How Do You Deal With The Moss Pole?

Repotting a Monstera when it is entangled with a moss pole isn’t easy, and it may help to have two people when attempting this. Removing the plant from the pole can be extremely difficult because the leaves and aerial roots will be wound around it, and may break if you try to take the pole away.

It is best to leave the moss pole in place if you can. If your plant needs a bigger pole, you may be able to tie a second one to the pole you already have or add a second to the pot for the taller parts of the plant to lean on.

To repot your plant together with the moss pole, you can follow the steps below:

  • Start by loosening the soil in the pot.
    You may need to run a trowel or a blunt knife around the edge of the pot to break up the soil. If your plant is in a plastic pot, you can also flex the container.
  • Once the Monstera is loose, lift or tip the whole ball of soil out.
    Be careful not to damage the plant’s leaves. It may be best to do this on a sheet of plastic or outdoors.
  • Establish where the end of the moss pole is sunk into the soil, and avoid disturbing this part too much.
    You can brush the soil off the rest of the plant’s roots and a little away from the pole, but leave enough to hold it in place.
  • Fill your container with soil and drainage material, and then carefully lift the Monstera in, with the moss pole still in place.
  • Once the plant is in position, fill the space around it with soil and drainage material.
    Pat the growing medium down firmly around the moss pole to stabilize it.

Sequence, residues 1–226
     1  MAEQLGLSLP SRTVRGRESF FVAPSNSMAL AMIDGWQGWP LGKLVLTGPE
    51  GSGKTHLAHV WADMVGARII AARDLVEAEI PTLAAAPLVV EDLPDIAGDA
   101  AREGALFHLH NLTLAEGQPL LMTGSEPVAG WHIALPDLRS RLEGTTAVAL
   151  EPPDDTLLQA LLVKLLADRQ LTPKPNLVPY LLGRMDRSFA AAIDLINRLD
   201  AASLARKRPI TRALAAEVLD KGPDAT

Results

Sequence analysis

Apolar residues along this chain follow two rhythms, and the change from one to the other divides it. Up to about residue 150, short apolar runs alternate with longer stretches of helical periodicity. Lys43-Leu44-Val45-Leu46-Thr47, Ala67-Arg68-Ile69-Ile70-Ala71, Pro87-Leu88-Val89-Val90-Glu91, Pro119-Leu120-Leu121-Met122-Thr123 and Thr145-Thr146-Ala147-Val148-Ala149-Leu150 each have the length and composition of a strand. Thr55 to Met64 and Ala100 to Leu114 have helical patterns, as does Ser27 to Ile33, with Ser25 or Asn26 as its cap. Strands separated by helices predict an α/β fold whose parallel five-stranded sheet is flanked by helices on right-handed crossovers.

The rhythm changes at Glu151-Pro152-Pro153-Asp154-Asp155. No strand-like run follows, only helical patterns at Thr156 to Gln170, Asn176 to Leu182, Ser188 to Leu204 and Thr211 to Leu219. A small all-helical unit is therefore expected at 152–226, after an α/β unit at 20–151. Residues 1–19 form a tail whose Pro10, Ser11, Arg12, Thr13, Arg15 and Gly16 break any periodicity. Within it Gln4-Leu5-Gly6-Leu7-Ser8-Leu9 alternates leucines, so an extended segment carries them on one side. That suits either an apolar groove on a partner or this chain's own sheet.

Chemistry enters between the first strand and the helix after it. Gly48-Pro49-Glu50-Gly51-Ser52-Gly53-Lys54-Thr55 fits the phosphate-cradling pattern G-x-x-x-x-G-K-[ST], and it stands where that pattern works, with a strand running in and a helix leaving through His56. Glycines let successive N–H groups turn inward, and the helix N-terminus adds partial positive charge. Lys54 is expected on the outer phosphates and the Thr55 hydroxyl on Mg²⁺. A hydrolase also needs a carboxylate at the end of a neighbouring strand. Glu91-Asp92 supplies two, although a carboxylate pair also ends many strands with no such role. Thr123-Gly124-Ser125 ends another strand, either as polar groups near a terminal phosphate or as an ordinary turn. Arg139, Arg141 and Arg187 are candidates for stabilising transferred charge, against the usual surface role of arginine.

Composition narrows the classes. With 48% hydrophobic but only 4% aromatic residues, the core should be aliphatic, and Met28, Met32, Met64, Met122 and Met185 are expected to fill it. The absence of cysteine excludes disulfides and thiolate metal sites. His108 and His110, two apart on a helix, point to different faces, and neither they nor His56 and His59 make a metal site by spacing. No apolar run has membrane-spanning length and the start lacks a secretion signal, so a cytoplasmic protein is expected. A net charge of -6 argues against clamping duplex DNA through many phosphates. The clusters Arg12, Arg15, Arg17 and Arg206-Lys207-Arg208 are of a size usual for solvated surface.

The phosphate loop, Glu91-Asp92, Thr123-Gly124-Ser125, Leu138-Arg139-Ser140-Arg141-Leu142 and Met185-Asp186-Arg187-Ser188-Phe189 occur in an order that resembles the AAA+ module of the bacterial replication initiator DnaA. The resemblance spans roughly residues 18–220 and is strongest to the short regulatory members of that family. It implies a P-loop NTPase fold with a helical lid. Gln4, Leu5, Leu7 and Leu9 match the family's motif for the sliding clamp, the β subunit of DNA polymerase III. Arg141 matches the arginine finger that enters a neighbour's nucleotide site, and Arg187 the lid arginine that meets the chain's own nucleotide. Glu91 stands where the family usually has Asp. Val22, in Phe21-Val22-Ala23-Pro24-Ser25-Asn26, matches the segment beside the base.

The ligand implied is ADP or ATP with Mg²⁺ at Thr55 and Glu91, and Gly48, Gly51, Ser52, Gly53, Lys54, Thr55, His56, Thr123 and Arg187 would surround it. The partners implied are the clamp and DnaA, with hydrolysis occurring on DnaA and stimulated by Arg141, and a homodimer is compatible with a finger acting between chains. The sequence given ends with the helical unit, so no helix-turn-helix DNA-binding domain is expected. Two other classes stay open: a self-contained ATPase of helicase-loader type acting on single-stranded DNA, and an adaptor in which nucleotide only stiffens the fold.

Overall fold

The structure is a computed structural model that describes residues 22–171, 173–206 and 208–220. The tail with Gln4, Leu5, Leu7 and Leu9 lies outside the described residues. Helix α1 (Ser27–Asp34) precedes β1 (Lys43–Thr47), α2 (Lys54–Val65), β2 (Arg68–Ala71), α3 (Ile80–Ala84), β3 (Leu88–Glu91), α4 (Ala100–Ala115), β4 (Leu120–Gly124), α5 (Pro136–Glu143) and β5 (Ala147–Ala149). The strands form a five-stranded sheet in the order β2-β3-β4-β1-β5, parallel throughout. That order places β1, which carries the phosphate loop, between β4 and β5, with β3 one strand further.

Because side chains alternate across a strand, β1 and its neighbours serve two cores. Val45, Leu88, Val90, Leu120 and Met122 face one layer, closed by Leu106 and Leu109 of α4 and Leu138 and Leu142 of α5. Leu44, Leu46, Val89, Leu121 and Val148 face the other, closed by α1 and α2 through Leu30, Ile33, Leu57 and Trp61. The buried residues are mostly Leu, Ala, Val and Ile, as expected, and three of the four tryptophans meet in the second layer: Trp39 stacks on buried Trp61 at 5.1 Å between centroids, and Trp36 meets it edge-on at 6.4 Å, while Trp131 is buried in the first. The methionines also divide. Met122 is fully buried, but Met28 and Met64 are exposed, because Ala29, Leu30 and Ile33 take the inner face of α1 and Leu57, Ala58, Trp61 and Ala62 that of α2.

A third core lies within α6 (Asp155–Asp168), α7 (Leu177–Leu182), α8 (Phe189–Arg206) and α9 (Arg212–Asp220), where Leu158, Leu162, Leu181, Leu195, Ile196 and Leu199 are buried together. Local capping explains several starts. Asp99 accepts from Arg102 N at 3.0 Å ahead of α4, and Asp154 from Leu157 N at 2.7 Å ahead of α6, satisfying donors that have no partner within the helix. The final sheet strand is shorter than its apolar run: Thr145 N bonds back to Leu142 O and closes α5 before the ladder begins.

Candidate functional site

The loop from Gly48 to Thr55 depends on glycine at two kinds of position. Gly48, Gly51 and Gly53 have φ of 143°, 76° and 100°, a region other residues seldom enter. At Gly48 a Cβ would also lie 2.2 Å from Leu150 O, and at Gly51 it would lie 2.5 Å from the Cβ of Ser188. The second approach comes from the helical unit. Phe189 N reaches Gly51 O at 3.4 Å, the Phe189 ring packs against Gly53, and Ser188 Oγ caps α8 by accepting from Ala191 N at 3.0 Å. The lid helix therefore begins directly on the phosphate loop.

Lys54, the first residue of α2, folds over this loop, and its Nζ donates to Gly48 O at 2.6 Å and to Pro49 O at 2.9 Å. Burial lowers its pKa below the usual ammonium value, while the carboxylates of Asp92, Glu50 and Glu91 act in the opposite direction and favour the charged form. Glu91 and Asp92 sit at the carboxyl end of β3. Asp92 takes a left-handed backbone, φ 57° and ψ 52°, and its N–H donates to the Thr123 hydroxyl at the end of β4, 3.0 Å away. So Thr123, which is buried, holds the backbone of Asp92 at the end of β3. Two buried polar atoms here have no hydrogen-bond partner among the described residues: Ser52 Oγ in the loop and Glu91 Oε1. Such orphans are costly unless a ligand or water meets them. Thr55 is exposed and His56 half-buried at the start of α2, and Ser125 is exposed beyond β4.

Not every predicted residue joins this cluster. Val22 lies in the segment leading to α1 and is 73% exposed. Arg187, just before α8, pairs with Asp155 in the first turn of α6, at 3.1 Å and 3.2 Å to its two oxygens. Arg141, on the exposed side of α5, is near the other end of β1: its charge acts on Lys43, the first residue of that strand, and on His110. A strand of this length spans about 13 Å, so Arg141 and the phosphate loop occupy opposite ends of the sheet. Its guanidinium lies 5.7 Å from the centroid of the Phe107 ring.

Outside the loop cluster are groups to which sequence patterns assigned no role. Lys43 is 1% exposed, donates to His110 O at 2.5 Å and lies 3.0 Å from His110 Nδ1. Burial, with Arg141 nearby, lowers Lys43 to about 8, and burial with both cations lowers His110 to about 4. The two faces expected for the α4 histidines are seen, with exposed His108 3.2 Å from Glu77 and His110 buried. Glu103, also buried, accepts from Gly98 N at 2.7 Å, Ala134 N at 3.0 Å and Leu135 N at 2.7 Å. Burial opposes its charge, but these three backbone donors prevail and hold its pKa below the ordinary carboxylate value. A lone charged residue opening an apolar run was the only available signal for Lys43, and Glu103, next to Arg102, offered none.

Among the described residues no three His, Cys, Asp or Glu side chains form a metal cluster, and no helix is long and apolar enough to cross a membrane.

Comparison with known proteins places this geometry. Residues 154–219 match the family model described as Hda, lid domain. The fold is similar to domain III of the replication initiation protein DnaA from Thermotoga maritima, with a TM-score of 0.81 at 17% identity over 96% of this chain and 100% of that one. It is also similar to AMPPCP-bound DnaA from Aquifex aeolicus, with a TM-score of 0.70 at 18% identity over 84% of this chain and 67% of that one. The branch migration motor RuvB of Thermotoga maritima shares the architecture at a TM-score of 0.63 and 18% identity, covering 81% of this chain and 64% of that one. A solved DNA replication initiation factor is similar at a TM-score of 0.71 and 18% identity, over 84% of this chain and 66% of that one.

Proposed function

These steps should be all you need to do.

Should You Trim Monstera Roots?

If your Monstera has got very rootbound, you may want to inspect its roots and loosen them before you put it into a new container. They will have taken on the shape of the old pot and may not properly spread to fill the new one if you don’t loosen them up.

Take a few minutes to examine the roots once you have got the Monstera out of the pot. You can use sterile, sharp scissors to cut off any roots that are dry or damaged, but you shouldn’t need to trim many if the plant is healthy.

Keep an eye out for any signs of brown, mushy roots that indicate your plant has root rot, and remove these if you find them. Wash the soil off the surrounding roots and allow them to dry out a little before putting the plant in a new container.

If the roots have formed into a tight ball, you can gently tease them out with your hands. It doesn’t matter if a few break, as long as the majority remains undamaged. Work as many roots as you can free from the ball so that they are encouraged to spread out in the new container. In most cases, only a little adjustment will be needed.

What Should I Do With The Plant’s Aerial Roots?

You might notice that your plant has a lot of roots sprouting from its stem. These are usually long and tan colored, and they can be quite thick on mature plants. They are not the prettiest aspect of a Monstera, and you may be wondering if you can remove them.

Some people do cut the aerial roots off their Monsteras, and you can do so if you choose to, but there are limited benefits. Your Monstera will soon regrow these roots, and they help it to absorb moisture from the air and from any surfaces that they touch.

If you are going to remove the aerial roots, make sure you use sterile scissors to get rid of them, so you don’t accidentally introduce an infection into your plant.

It’s often best to simply train the aerial roots into the soil or onto a moss pole so that the plant can still absorb water through them; this stops it from trying to grow too many more and will keep your plant tidy.

Where Should I Put My Repotted Plant?

Usually, it is best to put your Monstera back in the place that you took it from when you repotted it. This reduces the plant’s stress because it ensures that most of its conditions stay the same. Since repotting is stressful for a plant, minimizing other kinds of stress is a good idea.

You can relocate the Monstera if you would prefer to put it somewhere new, but this will force it to spend more time acclimatizing and could result in slower growth for a while.


If the roots of your Monstera are growing out of the drainage holes in its pot, your plant is quite likely to need repotting. You should aim to do this in spring or summer if possible, by tipping the plant out of its container, getting some fresh growing medium, and planting it into a slightly larger pot.